Catherine Diverrès
Carolyn Carlson

Pièces de répertoire de 1973 à 2012

Carolyn Carlson Immersion © Laurent Philippe
Carolyn Carlson Immersion © Laurent Philippe

27 > 29.03.18

CN D Pantin

This series showcasing the leading works of two creators was initiated last year at the CN D. After Monnier/Marin and Mantero/Triozzi, Carlson and Diverrès take pride of place this spring. In their work, bodies become calligraphies, emblems of a subterranean world that is tragic and mysterious. Their dance is all about women, the movement of a body not split up playing with gravity, the energy of urges, expressiveness and a certain violence of the emotions. They are Carolyn Carlson and Catherine Diverrès, two choreographers producing a world of images and energies that draw on other worlds and encounters. Catherine Diverrès’s career has been marked above all by her trip to Japan to meet Kazuo Ôno, one of the founding choreographers of butô dancing. As for Carolyn Carlson, she left Alwin Nikolaïs for France in the early 1970s and has influenced several generations of performers and creators. In this programme, the two choreographers bring to the surface of their bodies, not their memory, and still less a distant past, but the vestige of what was for them a foundational experience. In Ô Sensei, Catherine Diverrès, accompanied by Katja Fleig, takes us back to the origins of her calligraphy, in a dialogue with the spirit of her (Sensei) master Kazuo Ôno, who died in 2010. Imbued with tiny variations and incantations, throbbing with ambiguous incarnations, her gestures sketch out a farewell that is repeated infinitely in the manner of unfolding time. In Short Stories, Carolyn Carlson touches on the invisible. From her famous solo Density 21,5 – which revolutionised the dance world 42 years ago and was passed on to Isida Micani – to Mandala danced by Sara Orselli, Carlson conjures dreams out of the air. But the eternal Water Lady lends her intense presence to Immersion, plumbing the unfathomable depths of the soul.


Creator of around one hundred choreographies, as well as a calligrapher and a poet, Carolyn Carlson, a Californian of Finnish origin, began her career with Alwin Nikolaïs. In 1971, she chose Paris as the place to pursue more personal work. Selected by Rolf Liebermann, ‘étoile-chorégraphe’ (a title invented for her) at the Opéra de Paris following the creation of Density 21.5 in 1973, then director of GRTOP (Groupe de recherches théâtrales de l’Opéra de Paris), her dancing would then take her to Venice, Stockholm and Helsinki. She returned to Paris in 1999, where she created the Atelier de Paris-Carolyn Carlson at the Cartoucherie while working as director of the Ballet du Nord, CCN de Roubaix from 2004 to 2013. Today, she continues to direct her own company, which in parallel with its own works, which form the core of its activities, explores new forms of creation, embracing exhibitions and films.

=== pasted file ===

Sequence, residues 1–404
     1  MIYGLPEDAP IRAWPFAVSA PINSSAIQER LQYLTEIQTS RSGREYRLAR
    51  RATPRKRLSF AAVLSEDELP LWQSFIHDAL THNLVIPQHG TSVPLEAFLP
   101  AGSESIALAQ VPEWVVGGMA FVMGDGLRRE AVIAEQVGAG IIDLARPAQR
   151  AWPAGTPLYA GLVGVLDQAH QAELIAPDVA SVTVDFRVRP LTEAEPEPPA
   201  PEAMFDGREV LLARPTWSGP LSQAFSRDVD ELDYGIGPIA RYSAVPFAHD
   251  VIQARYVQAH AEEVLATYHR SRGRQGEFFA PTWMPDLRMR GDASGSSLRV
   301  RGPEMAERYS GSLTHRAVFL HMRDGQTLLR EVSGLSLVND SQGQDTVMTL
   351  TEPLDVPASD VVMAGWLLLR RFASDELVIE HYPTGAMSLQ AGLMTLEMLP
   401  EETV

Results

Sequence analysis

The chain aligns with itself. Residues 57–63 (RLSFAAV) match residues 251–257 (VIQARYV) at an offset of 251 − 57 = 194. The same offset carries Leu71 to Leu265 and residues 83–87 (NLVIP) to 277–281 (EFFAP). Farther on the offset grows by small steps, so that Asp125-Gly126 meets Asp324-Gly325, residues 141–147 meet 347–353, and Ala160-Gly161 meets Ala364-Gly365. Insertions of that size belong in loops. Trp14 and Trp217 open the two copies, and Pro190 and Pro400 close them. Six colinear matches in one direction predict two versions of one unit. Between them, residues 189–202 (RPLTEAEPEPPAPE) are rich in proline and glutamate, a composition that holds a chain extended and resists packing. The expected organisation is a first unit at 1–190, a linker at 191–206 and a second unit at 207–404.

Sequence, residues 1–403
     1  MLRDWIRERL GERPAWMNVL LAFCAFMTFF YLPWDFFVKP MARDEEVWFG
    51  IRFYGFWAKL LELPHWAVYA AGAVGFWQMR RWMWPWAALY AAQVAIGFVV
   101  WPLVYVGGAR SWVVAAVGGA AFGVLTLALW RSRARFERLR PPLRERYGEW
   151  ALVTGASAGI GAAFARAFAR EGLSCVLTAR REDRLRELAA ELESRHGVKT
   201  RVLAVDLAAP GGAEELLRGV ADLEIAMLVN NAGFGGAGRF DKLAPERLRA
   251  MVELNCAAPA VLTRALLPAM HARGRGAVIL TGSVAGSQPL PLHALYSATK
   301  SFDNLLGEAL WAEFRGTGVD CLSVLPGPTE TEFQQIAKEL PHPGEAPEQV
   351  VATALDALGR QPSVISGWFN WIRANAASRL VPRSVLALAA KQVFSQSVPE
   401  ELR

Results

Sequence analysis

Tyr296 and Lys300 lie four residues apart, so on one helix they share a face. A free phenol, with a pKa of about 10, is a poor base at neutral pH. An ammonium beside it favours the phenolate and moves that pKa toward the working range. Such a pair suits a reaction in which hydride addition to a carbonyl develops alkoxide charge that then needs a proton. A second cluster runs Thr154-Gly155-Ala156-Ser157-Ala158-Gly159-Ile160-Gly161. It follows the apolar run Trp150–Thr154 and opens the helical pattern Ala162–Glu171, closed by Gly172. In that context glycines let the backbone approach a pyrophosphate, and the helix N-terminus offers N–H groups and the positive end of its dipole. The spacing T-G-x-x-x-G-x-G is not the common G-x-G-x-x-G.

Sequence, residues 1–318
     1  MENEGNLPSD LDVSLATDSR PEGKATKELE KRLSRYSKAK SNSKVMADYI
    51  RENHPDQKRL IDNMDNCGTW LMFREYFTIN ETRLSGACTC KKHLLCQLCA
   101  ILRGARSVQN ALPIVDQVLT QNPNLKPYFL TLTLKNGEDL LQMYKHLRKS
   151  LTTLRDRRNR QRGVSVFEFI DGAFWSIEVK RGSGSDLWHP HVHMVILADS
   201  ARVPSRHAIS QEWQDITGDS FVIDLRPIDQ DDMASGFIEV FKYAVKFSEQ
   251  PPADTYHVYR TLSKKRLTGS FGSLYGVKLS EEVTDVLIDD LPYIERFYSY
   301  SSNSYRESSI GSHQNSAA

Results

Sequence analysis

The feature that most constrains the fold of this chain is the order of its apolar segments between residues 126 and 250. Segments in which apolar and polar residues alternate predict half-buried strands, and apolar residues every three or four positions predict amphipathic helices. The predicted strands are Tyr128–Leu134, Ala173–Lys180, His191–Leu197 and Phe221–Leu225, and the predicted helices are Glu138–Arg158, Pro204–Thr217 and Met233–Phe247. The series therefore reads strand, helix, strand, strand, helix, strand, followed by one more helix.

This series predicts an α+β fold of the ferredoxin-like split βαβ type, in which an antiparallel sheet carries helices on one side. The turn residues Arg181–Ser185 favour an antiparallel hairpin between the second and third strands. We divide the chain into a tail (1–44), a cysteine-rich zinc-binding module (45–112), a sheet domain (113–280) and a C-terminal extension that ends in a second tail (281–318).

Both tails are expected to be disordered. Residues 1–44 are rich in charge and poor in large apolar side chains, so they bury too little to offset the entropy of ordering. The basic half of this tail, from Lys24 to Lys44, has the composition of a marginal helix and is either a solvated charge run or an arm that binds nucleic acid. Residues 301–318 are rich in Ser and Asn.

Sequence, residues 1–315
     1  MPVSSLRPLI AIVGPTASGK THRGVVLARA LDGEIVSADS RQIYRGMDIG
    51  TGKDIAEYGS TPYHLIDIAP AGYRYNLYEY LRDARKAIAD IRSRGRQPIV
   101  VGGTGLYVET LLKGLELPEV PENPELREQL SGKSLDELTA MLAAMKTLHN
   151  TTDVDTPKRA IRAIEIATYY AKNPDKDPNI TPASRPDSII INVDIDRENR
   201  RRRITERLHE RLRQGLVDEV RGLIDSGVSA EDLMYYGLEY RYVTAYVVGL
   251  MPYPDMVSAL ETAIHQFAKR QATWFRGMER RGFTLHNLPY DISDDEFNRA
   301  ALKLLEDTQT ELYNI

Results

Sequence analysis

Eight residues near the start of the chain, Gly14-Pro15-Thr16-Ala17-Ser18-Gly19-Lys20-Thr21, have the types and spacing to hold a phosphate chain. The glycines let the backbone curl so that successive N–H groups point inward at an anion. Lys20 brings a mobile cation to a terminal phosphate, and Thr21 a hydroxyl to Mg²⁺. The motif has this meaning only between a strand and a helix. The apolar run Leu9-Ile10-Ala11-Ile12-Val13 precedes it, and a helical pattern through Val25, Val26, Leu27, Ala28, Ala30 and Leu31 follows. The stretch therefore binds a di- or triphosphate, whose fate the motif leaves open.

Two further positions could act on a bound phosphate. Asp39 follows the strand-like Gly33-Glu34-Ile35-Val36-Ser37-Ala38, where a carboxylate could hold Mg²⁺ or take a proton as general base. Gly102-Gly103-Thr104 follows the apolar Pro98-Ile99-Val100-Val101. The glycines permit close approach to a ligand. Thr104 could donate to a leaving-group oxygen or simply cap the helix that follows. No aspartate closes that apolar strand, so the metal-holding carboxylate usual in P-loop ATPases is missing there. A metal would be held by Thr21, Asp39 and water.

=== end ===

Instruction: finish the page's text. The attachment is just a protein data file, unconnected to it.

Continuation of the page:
Catherine Diverrès studied classical dance, then at Mudra, Maurice Béjart’s school. She danced in particular for Dominique Bagouet in the early 1980s. She then visited Japan, where she studied with Kazuo Ôno, one of the founders of butô, in the company of Bernardo Montet. Together they created Instance (1983), a major work, followed by Rêve d’Helen Keller, which won a prize at the Concours de Bagnolet 1984. In 1994, after ten years of highly acclaimed choreographic works, they were appointed directors of CCN de Rennes et de Bretagne, a post that she would occupy on her own from 1998 to 2008. Since then she has been the director of her own company.